With the way college football goes nowadays, there is a pretty blurred line between the end of one season and the beginning of the next.
But spring practice, signing days and summer workouts aside, the Sun Belt Conference held its unofficial kickoff to the 2019 season as it hosted its annual media day at the Mercedes-Benz Superdome in New Orleans Monday.
Making the trip west to represent Georgia Southern were head coach Chad Lunsford, senior cornerback Kindle Vildor and senior kicker Tyler Bass. The first game of the season is still over a month away — when the Eagles will return to Louisiana to take on nationally-ranked LSU -—but Monday offered some glimpses from around the league on what to expect.
Lunsford was a popular target for media members as plenty of inquiring minds wanted to know how he intends to follow up a massively successful first full season at the helm. Going from 2-10 in 2017 to 10-3 with a bowl win last fall gave the Eagles some national press and has them entering the new season as contenders for a conference championship.
“(Last year) was a huge improvement,” Lunsford said. “Now to go from 10-3 to whatever this year is going to look like, it's going to be about the little things. We understand going from good to great has a lot to do with making sure we pay attention to detail and taking care of little things."
Some of the little things that contributed to last season’s success were evident in the choices for player representatives in New Orleans. Vildor had a breakout season that saw him lead the team in interceptions and spur on a defense that helped to lead the entire nation in turnover margin.
And whenever the GS offense couldn’t quite finish off a drive in 2018, it had a stellar backup plan in the form of Bass’ right foot. The rising senior bombed several long kicks last year and saved his best for last, going 3-for-3 on field goals, including the game-winner as time expired in the Eagles’ bowl win over Eastern Michigan.
That the Eagles’ huge turnaround was capped with the highlight of Bass’s All-Conference season is fitting for both a program and a player that were looking to get into the spotlight.
“I didn’t have any offers coming out of high school, so I walked on,” Bass said. “I had to be mentally strong and I really put in the work. I never got discouraged and I competed every day, and when something didn’t go my way. I just took it with a grain of salt. I never stopped believing because I always knew what I was capable of."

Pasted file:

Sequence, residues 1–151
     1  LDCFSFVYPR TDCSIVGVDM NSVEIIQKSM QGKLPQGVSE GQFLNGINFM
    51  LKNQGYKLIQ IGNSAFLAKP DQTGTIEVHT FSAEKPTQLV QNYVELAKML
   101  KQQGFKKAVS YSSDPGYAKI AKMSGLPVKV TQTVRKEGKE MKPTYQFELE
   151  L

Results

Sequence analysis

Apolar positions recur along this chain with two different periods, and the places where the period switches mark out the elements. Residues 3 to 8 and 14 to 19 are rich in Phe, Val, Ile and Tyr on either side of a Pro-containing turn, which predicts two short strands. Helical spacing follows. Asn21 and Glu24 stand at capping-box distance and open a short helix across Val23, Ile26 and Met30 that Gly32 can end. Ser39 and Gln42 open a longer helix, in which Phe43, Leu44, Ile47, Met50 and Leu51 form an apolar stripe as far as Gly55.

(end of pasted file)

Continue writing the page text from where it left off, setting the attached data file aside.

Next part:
While interest in the Eagles focused on whether they can take the next step this fall, Georgia Southern’s archrival faced its own unique line of questioning.
Appalachian State claimed the first ever Sun Belt championship game last season. The Mountaineers bring back enough starters from 2018 to make them an easy pick to repeat, but the team saw a total coaching overhaul in the offseason, with Scott Satterfield leaving for Louisville and Eliah Drinkwitz stepping in to lead App into 2019.
“Well, when you get an opportunity to be a head football coach, you're either going to get an opportunity where you have to turn the program around or you're trying to build and stay on top,” Drinkwitz said. “Each job has its own unique challenges and unique opportunities, and what we're focused on is the opportunities that we have at Appalachian State to build on the championship traditions and to compete to do it better than it's been done before."
There are plenty of new coaches dotting the staffs throughout the Sun Belt, but media day began with comments from a new face that is now leading the conference.
Sun Belt commissioner Keith Gill has been on the job for nearly three months, but with the majority of his tenure so far coming during the summer months, Monday’s ‘State of the Sun Belt’ address marked his most prominent appearance to date.
Gill touted the ongoing success of the conference’s student-athletes as the Sun Belt continues to rack up academic honors. He also expressed his optimism that an extension of the conference’s media rights agreement with ESPN through 2028 will continue to bring in revenue and national exposure.
No new endeavors were announced, but Gill did hint at a coming change for the Sun Belt during the football bowl season. Gill stated that the Sun Belt will continue to have tie-ins to five bowl games, but that partnerships within those bowls could change and that the Sun Belt’s tie-ins could be on the move to new locations that better fit with the conference’s geographic footprint.